With the advent of colder temperatures, curbside leaf collection is underway in many parts of the Centre region. But savvy pollinator gardeners know that fallen leaves are garden gold.
More than 90 percent of caterpillars that develop on plants hatch or pupate at the ground level, often beneath leaf litter. Many fallen leaves harbor small caterpillars in their curled leaf margins. The larvae of the red-banded hairstreak butterfly, along with dozens of species of moth caterpillars and other ‘detrivores’, feed on fallen leaves. Still others rely on leaf litter as a cozy winter blanket– including the larvae of the beautiful great spangled fritillary. Luna moths pupate in leaf litter, and queen bumble bees also appreciate the insulation as they sleep away the winter in shallow tunnels just underneath the surface of the ground. When we haul our fallen leaves to the curb for disposal, we’re also helping to dispose of next year’s pollinators.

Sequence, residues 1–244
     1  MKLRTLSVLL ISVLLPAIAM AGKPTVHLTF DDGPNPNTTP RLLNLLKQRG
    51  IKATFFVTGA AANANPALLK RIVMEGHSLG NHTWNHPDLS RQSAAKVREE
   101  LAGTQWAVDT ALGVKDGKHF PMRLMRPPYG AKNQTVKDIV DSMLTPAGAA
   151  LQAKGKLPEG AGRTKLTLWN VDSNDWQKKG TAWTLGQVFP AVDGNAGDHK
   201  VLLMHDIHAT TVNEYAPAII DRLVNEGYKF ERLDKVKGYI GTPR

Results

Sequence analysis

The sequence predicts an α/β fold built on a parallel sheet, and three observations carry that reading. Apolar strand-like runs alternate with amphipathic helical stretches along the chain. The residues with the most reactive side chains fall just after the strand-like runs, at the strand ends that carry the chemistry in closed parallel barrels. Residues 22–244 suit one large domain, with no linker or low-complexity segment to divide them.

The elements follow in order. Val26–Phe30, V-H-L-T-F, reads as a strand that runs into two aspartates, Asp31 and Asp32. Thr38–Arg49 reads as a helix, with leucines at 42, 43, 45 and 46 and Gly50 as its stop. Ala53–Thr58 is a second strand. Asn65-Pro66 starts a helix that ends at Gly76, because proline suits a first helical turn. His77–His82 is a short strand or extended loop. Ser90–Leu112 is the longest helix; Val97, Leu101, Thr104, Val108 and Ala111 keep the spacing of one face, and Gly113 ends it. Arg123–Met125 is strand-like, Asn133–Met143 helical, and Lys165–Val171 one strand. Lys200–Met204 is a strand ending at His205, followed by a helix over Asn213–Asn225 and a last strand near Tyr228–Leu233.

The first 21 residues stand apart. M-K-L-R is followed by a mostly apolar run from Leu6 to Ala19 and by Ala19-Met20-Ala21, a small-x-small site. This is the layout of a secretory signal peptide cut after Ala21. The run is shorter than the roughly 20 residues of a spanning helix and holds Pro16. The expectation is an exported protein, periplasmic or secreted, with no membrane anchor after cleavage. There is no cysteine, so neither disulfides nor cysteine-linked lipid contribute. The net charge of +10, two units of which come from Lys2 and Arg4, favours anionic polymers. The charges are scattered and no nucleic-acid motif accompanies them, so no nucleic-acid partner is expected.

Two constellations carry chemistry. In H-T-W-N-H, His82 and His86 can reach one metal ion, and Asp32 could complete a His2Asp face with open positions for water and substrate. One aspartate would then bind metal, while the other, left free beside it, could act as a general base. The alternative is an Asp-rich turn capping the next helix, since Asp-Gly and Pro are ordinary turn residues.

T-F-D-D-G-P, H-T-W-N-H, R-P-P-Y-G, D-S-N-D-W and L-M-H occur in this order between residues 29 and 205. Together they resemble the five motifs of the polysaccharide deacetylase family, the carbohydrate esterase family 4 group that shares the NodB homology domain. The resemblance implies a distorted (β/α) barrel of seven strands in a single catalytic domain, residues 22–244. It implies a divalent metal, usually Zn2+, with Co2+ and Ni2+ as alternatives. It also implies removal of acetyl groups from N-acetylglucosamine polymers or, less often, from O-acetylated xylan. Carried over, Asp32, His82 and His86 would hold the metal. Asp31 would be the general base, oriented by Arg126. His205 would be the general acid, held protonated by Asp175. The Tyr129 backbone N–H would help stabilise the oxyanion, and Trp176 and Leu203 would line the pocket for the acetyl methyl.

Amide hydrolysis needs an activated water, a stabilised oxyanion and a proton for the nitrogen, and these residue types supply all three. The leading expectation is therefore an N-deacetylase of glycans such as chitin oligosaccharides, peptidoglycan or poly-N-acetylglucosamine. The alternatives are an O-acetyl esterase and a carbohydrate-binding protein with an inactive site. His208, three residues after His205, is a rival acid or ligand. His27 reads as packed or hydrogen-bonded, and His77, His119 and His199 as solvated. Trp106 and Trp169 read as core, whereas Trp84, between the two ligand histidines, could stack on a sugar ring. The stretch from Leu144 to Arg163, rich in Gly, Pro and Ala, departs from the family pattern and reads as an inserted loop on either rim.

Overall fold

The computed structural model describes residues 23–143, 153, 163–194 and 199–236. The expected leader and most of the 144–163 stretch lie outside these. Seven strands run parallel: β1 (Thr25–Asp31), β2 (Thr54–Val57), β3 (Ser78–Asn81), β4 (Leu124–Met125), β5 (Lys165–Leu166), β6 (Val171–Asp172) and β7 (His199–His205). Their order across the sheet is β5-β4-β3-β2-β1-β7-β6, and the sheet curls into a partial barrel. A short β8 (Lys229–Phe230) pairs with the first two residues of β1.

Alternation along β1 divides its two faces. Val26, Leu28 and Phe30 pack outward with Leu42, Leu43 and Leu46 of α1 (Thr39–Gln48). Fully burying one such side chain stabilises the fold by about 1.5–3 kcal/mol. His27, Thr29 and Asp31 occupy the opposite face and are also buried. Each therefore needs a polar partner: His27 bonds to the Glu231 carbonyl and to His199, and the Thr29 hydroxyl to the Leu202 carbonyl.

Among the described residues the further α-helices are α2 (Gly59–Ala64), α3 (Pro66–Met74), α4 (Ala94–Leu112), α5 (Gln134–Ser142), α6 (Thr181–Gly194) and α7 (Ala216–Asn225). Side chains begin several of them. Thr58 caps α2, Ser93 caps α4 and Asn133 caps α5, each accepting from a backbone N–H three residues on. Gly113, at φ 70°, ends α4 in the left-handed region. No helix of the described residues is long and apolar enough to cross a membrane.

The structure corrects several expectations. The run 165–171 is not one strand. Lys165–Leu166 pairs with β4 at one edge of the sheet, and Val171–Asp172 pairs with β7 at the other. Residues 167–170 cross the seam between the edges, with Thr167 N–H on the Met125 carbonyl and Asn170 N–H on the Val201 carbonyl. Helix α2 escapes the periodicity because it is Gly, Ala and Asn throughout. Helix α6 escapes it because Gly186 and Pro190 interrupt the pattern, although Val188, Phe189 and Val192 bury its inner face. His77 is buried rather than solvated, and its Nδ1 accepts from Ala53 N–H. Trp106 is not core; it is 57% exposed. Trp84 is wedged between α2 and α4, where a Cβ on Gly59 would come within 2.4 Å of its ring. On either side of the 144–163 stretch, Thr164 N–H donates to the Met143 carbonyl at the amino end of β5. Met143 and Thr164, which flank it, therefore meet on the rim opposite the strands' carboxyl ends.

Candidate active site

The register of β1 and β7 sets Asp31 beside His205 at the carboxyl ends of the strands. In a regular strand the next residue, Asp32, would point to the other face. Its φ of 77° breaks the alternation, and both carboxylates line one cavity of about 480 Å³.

So what’s a gardener to do with all that organic material? According to Douglas Tallamy, the author of Bringing Nature Home, “the best place to leave the leaves is under the trees that grew them.”
This year, don’t trash your treasure! Consider raking your leaves into your perennial beds and under trees. Fallen leaves are the best mulch that money can’t buy!